Section 110 of the Crimes Code, most accurately described as a compulsory joinder provision, "bars a subsequent prosecution for violation of a different statutory provision if the defendant has already been either acquitted or convicted of another offense which arose from the same criminal episode." Commonwealth v. Bellezza, 412 Pa.Super. 469, 474, 603 A.2d 1031, 1034 (1992). See also: Commonwealth v. Kresge, 317 Pa.Super. 405, 410, 464 A.2d 384, 388 (1983). Section 109 defines a conviction to include a "guilty plea that has been accepted by the court." 18 Pa.C.S. § 109(3) (emphasis added). Appellant contends that since his guilty plea had been unequivocally accepted by the trial court, he had been convicted under Section 109; and, according to Section 110, he could not be prosecuted thereafter on other charges arising from the same criminal episode.
Nancy Rosario, the sister of appellant, entered a plea of guilty to murder of the third degree. After accepting the guilty plea, however, the court changed its mind and rejected the plea under circumstances similar to those in the instant case. The trial court then denied a motion to dismiss on grounds of double jeopardy and Section 110 of the Crimes Code. On appeal, a panel of the Superior Court affirmed. See: Commonwealth v. [Nancy] Rosario, 418 Pa.Super. 196, 613 A.2d 1244 (1992). The Superior Court held that a trial
The Nancy Rosario case is in conflict with another decision of the Superior Court in Commonwealth v. Kotz, 411 Pa.Super. 319, 601 A.2d 811 (1992). In Kotz, another panel of the Superior Court held that a trial court could not sua sponte, prior to sentencing, vacate a plea of guilty which the court had already accepted. The Court said: "Absent [ ] an application/motion by the defendant, a guilty plea, which is spoken of in terms of a verdict of guilty, may not be removed by a trial court sua sponte." Id. at 326, 601 A.2d at 815.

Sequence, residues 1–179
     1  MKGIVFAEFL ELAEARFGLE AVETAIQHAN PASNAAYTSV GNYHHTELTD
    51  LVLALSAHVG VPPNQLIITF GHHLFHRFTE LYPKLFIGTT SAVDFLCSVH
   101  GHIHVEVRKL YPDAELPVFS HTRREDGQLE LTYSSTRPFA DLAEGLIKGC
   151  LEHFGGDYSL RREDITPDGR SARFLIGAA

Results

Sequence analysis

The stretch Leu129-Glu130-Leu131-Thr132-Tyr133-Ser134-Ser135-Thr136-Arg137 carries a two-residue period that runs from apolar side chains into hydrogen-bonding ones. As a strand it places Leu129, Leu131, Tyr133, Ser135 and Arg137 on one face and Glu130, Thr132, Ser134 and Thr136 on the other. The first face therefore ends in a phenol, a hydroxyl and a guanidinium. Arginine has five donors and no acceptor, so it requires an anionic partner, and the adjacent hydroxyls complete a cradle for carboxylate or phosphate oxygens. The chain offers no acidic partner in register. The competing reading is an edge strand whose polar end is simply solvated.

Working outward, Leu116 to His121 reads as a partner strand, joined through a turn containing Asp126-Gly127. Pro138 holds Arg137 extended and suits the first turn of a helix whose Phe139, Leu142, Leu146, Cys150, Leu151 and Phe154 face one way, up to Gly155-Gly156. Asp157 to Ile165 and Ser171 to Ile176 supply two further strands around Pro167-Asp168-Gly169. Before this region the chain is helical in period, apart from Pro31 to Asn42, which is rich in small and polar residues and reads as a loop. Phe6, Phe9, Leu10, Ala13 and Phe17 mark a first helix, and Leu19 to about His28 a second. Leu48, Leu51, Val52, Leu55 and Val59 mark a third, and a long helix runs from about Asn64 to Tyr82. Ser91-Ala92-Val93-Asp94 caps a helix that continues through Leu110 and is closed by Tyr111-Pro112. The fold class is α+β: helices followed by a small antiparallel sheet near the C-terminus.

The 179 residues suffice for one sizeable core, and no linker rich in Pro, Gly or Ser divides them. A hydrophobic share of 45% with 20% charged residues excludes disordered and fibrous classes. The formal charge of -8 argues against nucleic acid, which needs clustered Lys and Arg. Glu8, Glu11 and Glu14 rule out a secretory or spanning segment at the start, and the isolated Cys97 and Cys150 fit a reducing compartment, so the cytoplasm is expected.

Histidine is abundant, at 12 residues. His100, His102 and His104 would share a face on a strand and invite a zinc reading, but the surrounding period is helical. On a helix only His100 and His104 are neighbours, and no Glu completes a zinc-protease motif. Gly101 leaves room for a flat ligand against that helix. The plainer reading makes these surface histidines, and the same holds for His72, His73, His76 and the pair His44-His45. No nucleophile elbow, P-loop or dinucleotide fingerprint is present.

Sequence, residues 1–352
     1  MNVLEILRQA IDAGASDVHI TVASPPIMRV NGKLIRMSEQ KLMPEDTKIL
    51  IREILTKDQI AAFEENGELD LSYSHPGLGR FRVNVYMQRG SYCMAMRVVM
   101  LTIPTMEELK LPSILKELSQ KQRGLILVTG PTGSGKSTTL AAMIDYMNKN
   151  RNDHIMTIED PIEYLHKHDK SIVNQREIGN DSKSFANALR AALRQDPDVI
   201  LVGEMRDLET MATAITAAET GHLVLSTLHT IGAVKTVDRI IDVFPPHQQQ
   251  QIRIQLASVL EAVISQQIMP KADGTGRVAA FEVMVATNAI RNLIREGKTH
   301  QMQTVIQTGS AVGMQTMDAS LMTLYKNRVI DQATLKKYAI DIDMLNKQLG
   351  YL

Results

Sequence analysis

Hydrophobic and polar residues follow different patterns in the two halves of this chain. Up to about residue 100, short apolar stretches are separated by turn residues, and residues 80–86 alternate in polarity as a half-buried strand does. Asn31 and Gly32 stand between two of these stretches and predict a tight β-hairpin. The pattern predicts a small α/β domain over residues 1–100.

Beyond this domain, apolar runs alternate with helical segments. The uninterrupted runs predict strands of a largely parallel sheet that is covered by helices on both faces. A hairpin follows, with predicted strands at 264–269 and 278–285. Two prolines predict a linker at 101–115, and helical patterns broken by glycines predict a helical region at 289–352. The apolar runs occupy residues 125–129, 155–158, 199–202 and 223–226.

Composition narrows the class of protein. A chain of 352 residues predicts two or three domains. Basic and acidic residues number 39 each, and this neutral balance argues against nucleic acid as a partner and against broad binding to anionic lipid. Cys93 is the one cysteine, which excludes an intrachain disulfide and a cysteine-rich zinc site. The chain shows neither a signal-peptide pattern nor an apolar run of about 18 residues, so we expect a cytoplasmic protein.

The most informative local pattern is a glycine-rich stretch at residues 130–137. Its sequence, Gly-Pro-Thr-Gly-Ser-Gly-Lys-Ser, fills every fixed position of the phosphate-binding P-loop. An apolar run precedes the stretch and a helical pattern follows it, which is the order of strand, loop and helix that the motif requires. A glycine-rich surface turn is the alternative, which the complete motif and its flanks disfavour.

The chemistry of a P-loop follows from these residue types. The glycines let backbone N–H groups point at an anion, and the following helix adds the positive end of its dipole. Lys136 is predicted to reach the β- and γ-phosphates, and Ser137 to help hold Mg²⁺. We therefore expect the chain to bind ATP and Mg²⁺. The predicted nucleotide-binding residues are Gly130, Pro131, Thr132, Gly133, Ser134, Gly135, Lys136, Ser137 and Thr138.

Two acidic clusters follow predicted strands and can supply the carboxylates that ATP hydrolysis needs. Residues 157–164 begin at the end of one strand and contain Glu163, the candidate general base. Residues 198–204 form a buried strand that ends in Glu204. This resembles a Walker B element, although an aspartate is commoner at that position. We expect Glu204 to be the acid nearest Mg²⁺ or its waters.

Appellant argues that the Nancy Rosario case is also in conflict with the decision of the Superior Court in Commonwealth v. Branch, 417 Pa.Super. 571, 612 A.2d 1085 (1992). In Branch, however, the trial court had not accepted the plea of guilty but had deferred its decision to accept or not accept the plea bargain until after a pre-sentence investigation had been completed. The Superior Court held that, under such circumstances, the trial court could subsequently reject the defendant's guilty plea without violating principles of double jeopardy. Factually, therefore, the decisions in Branch and Rosario are distinguishable. They are also distinguishable in that the Branch court's decision was based on principles of double jeopardy. That court did not consider the statutory language contained in Sections 109 and 110 of the Crimes Code. But see: Commonwealth v. Branch, supra at 579-581, 612 A.2d at 1089-1090 (Concurring Opinion by Johnson, J.).
In my judgment, the reasoning of the Kotz and Branch courts is more in keeping with Sections 109 and 110 of the Crimes Code. It is also in accord with the federal decisions which have found double jeopardy violations where a court, after accepting a plea of guilty, has later rejected the plea sua sponte. See: United States v. Cruz, supra; United States v. Hecht, supra.